We are so obsessed with ‘being right’, we would actually regard that as more important than ‘putting things right.’ There is stubbornness about us, a stubbornness that all too easily gives way to an arrogance that would deny any possibility of reconciliation with those who think differently from us because we are ‘right’, therefore they must be ‘wrong.’ There is demanded of us a huge psychological shift, a change of mindset unlike anything we have ever contemplated; more than that an emotional shift, a change of heart that requires of us a complete change, a fundamental reordering of how we understand how God regards us and how we should regard God, how we are to regard ourselves, and how we are to regard others. It may well be that the most significant work in which the Holy Spirit is engaged in any age is that of calling us to repentance, for that is what this is. ‘destroying in us all illusions of righteousness.’ But if we can get beyond this, then a whole new world of possibilities open up for us. If we can come to the realisation that what is most important is ‘putting things right’, and if we can believe that God in Jesus has acted to put things right between God and us then this will change our whole world-view, because from now on, our own personal repentance will become for us a spur to seek to be reconciled with whomever, wherever…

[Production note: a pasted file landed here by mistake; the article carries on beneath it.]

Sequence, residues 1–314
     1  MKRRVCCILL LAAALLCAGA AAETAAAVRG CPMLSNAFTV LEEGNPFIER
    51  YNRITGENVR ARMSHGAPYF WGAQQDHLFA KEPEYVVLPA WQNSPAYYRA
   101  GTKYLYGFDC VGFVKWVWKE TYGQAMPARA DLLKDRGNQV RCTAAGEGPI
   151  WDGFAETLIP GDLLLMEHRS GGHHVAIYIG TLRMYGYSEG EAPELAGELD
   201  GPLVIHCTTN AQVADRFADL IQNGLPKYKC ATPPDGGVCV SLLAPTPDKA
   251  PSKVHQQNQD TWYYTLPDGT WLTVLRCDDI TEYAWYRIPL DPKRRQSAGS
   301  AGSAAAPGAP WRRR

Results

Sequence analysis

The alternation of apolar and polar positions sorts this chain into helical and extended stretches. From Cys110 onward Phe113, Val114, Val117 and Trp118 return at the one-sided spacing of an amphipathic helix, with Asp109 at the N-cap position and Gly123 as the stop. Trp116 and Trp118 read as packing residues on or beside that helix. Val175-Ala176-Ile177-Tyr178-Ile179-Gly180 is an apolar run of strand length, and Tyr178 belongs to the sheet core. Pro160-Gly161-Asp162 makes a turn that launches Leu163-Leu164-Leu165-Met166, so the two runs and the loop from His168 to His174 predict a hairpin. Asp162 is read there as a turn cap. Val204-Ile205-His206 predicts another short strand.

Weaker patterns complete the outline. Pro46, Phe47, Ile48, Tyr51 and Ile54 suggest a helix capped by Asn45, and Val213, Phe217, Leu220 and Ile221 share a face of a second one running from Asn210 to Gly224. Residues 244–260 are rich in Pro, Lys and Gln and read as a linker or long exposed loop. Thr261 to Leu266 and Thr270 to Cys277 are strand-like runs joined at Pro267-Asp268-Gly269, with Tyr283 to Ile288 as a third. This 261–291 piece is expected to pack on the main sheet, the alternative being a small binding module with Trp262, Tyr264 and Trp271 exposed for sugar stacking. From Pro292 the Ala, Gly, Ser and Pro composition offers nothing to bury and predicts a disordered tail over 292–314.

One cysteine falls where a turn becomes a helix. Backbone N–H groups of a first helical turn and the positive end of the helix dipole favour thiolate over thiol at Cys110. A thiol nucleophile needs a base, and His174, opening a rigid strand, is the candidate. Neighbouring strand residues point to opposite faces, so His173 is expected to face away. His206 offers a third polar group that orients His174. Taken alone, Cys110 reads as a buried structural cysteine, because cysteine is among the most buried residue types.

’Jesus never expected us simply to turn the other cheek, go the second mile, bless those who persecute us, give unto them that ask, and so forth. These responses, generally and rightly understood to be characteristic of Christlikeness, were put forth by Him as illustrative of what might be expected of a new kind of person – one who intelligently and steadfastly seeks, above all else, to live within the rule of God and be possessed by the kind of righteousness that God himself has, as Matthew 6:33 portrays. Instead, Jesus did invite people to follow Him into that sort of life from which behaviour such as loving one’s enemies will seem like the only sensible and happy thing to do. For a person living that life, the hard thing to do would be to hate the enemy, to turn the supplicant away, or to curse the curser… True Christlikeness, true companionship with Christ, comes at the point where it is hard not to respond as He would.’ (Dallas Willard).
A Righteous God is a God who is always and forever seeking to put things right as far as we are concerned. How prepared are we to allow such a way of living to become our guiding moral principle? To want for it above all else in the world?
‘Blessed are they that hunger and thirst after righteousness: for they shall be filled.' Not only do the followers of Jesus renounce their rights, they renounce their own righteousness too. They get no praise for their achievements or sacrifices. They cannot have righteousness except by hungering and thirsting for it (this applies equally to their own righteousness and to the righteousness of God on Earth), always they look forward to the future righteousness of God, but they cannot establish it for themselves. Those who follow Jesus grow hungry and thirsty on the way.’ (Dietrich Bonhoeffer, The Cost of Discipleship).